Butter or margarine: What do you spread on your toast?
When it comes to cooking, baking and mealtime, butter has a definite role in the kitchen and at the dinner table. I know that even mentioning the comparison of butter to margarine is going to stir up a lot of opinions, but even with my expectation of receiving negative emails, I am going to express my view.
We use butter in our home on a daily basis for cooking, baking and serving, and I cannot even remember the last time margarine made its way into my refrigerator. In my opinion nothing is better for flavor, richness, melt ability, texture and, in moderation, health benefits.
Butter is one of the oldest and most natural products there is, yet it has taken quite a beating by margarines. Many people buy margarine due to budgetary restrictions, but I would assume that there are just as many, if not more, who purchase it because of perceived health benefits.
Not all margarines are created equal and it is important to read the labels of any product that is manufactured and/or processed, including butter.
If one is purchasing margarine, one of the main things to look out for in an ingredient list is “hydrogenated” or “modified” oil. Hydrogenation is the process used to transform liquid oil into a solid fat at room temperature.
Vegetable shortening, many peanut butters and various margarines are made in this manner and this process creates artificially produced trans fats, which are now considered the worst type of fat for the heart. Butter is not processed using hydrogenation.
As a matter of fact, butter is hardly processed at all. What butter does have is a very small amount of naturally occurring trans fat, also present in the meat of animals, such as beef and lamb.
A 1994 Harvard University study, as well as research from other credible sources, has concluded that a diet high in trans fat doubles the chance for heart attack and decreases life expectancy.
While trans fats can occur naturally, they are most commonly associated with chemical preservative techniques like hydrogenation and health experts recommend that you limit your intake of hydrogenated or partially-hydrogenated foodstuffs as much as possible.
It is also important to point out that a two-teaspoon serving of butter usually has no more calories or fat than margarine or olive oil.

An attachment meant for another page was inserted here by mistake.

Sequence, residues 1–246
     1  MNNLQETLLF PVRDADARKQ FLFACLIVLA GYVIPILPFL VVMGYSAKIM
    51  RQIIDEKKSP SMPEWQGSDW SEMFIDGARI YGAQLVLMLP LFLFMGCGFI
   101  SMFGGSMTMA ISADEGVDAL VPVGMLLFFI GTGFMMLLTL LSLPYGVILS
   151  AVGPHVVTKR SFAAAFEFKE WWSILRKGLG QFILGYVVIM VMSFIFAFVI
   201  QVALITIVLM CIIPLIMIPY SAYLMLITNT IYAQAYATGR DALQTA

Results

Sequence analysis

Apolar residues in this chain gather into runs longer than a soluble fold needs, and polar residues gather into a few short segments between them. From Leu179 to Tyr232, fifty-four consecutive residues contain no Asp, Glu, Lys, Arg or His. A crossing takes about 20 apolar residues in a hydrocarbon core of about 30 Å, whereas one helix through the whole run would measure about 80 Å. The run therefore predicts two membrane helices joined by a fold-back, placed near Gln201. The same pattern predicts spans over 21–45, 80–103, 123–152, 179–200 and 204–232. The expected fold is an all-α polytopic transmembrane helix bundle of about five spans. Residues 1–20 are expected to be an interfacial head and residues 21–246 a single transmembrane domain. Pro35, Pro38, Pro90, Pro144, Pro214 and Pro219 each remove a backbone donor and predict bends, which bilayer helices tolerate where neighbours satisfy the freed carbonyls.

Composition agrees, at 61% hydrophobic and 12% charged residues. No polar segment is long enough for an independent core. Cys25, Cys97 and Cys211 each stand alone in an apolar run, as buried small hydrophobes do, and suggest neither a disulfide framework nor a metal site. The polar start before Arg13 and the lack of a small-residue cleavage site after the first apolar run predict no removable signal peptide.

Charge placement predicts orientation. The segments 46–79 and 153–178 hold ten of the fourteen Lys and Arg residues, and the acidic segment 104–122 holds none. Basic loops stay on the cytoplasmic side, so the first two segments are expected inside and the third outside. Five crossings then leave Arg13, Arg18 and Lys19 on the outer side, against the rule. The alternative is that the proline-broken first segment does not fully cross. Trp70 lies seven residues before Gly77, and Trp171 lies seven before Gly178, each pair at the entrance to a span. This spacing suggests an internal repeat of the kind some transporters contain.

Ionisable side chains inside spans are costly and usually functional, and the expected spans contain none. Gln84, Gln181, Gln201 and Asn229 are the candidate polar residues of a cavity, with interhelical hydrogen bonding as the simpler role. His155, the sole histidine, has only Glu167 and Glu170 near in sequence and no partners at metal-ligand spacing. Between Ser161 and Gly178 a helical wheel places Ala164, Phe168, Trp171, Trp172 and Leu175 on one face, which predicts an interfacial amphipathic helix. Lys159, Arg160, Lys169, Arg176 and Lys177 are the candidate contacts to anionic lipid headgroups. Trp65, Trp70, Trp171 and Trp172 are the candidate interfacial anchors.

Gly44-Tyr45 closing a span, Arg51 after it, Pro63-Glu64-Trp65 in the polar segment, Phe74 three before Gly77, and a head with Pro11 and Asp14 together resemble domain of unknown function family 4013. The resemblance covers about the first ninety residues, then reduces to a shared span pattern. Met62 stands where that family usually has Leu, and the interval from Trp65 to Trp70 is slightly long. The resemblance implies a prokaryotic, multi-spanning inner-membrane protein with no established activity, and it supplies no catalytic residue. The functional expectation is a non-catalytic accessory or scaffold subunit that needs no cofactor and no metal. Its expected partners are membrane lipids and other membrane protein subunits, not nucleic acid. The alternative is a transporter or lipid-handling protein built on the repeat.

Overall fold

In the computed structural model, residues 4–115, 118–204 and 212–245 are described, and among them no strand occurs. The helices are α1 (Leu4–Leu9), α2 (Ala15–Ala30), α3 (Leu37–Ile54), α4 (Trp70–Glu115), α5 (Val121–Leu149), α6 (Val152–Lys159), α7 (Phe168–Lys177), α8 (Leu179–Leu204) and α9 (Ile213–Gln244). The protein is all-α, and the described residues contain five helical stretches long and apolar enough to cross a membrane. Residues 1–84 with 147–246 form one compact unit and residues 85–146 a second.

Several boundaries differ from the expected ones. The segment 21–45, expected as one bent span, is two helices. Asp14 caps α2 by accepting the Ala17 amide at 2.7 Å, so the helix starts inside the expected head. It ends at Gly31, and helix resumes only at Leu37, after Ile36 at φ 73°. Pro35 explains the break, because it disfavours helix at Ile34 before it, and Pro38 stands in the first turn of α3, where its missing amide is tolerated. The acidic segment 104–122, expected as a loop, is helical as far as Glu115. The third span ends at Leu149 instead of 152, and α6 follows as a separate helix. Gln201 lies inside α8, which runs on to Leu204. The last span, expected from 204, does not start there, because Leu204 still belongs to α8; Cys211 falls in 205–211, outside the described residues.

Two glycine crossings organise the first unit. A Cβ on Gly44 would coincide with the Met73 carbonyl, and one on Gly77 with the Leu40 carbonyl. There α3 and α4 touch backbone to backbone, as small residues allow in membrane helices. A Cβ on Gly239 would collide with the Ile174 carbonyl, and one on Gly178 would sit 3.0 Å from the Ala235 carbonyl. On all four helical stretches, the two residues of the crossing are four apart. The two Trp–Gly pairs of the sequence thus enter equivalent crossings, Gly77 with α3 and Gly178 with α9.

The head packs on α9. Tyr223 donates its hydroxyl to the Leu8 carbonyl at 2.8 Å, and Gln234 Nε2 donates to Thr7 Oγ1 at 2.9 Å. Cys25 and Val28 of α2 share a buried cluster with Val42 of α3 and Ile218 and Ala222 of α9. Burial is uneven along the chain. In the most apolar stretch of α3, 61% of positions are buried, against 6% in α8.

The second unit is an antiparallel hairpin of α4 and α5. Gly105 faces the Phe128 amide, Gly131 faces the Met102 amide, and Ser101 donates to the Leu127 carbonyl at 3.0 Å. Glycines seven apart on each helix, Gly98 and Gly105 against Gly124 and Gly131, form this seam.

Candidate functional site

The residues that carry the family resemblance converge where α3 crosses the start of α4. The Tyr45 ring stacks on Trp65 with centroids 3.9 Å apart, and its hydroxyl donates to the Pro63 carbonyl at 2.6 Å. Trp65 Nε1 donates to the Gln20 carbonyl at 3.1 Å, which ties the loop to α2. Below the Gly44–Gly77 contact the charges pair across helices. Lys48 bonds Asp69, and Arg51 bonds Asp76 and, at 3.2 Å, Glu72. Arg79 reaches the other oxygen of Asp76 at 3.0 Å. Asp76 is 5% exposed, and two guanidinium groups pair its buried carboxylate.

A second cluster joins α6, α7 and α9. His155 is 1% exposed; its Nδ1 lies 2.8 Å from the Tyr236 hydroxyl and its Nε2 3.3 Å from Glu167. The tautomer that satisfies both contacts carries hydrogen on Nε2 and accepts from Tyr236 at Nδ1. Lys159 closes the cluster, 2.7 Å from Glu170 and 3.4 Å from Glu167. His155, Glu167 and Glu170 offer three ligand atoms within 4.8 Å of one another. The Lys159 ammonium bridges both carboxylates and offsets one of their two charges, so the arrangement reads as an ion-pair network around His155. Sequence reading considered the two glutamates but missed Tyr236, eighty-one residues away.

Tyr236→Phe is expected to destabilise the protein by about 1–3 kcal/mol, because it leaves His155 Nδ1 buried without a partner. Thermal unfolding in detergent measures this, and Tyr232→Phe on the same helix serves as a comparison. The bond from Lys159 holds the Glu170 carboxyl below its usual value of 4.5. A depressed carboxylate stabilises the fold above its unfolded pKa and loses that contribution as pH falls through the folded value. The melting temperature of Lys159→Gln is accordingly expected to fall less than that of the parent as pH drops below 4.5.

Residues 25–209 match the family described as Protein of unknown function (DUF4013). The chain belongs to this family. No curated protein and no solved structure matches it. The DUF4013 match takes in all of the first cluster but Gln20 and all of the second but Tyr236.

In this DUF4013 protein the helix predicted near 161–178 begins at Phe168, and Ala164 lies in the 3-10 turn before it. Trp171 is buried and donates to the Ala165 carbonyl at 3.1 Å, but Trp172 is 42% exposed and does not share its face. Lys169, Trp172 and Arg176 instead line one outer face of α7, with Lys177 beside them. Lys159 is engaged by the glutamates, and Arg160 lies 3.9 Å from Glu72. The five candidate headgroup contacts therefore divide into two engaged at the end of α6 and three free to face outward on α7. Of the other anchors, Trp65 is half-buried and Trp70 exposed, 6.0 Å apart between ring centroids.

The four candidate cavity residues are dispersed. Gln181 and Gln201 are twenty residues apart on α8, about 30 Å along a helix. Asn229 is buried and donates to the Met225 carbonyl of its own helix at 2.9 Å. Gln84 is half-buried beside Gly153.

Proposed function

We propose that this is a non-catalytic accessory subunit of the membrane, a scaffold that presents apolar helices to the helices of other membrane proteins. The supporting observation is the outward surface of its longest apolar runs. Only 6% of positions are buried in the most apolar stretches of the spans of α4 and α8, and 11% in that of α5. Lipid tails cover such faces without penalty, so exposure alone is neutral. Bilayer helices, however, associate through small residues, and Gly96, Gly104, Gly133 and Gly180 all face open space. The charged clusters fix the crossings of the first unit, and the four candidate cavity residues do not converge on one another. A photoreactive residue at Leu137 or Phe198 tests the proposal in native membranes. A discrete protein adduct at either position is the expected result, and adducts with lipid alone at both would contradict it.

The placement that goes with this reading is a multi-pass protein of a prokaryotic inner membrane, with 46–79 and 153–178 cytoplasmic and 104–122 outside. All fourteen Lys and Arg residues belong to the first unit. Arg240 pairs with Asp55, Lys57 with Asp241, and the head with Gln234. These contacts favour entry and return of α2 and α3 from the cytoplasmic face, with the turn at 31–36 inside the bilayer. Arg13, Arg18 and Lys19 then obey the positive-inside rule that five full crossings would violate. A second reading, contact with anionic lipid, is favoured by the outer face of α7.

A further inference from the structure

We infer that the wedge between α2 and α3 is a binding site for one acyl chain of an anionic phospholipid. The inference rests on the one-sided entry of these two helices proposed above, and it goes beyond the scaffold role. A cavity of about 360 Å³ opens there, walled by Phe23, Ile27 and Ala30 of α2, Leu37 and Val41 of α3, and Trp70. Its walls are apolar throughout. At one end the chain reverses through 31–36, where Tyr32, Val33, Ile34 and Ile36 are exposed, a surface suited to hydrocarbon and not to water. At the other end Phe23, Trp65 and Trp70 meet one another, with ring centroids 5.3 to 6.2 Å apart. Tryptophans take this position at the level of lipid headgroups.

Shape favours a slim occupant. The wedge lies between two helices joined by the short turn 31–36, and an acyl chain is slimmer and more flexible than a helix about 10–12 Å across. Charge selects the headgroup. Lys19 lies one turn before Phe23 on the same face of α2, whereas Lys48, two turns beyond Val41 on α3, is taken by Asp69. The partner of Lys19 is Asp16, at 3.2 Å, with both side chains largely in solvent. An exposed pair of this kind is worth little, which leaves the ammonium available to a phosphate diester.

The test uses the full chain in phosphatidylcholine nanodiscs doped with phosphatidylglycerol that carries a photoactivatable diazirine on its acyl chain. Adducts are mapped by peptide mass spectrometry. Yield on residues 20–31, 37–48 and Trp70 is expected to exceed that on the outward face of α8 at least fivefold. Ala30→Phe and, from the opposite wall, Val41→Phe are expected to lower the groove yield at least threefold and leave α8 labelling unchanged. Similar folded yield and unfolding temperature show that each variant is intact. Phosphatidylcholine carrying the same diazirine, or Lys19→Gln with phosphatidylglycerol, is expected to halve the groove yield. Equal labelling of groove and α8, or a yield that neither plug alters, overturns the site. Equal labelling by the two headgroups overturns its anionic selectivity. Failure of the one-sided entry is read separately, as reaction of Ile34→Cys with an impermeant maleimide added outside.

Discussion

So are butter, margarine and vegetable oils bad for you? First of all, let’s point out that the term “bad” is not very definitive. It depends on what you are looking for and it is imperative to keep in mind that there are pros and cons for everything.
Let’s face it; no matter what type of fat you are ingesting on a regular basis, moderation is the key, as with almost everything.
For instance, many doctors may tell you that red wine is good for you, but always in moderation: One glass per day may be fine, but skipping the whole week and having seven glasses on Friday night, not so much.
No matter how you look at it, nothing can replace the flavor and mouth feel of butter, and also the texture created by using it in baked goods.
Dear Chef Dez,
Some recipes call for unsalted butter and also call for salt. Please explain why this is?
Usually one will often see this by pastry chefs wanting to control the amount of salt in their pastry, which is usually less than the percentage found in the butter.
Unless making very precise recipes, there is no need to use unsalted butter, and I have always used salted butter for everything. It is less expensive than unsalted butter, and butter is expensive enough already.
Send your food/cooking questions to email@example.com or P.O. Box 2674, Abbotsford, BC V2T 6R4. Chef Dez is a food columnist, culinary instructor and cookbook author. Visit him at www.chefdez.com.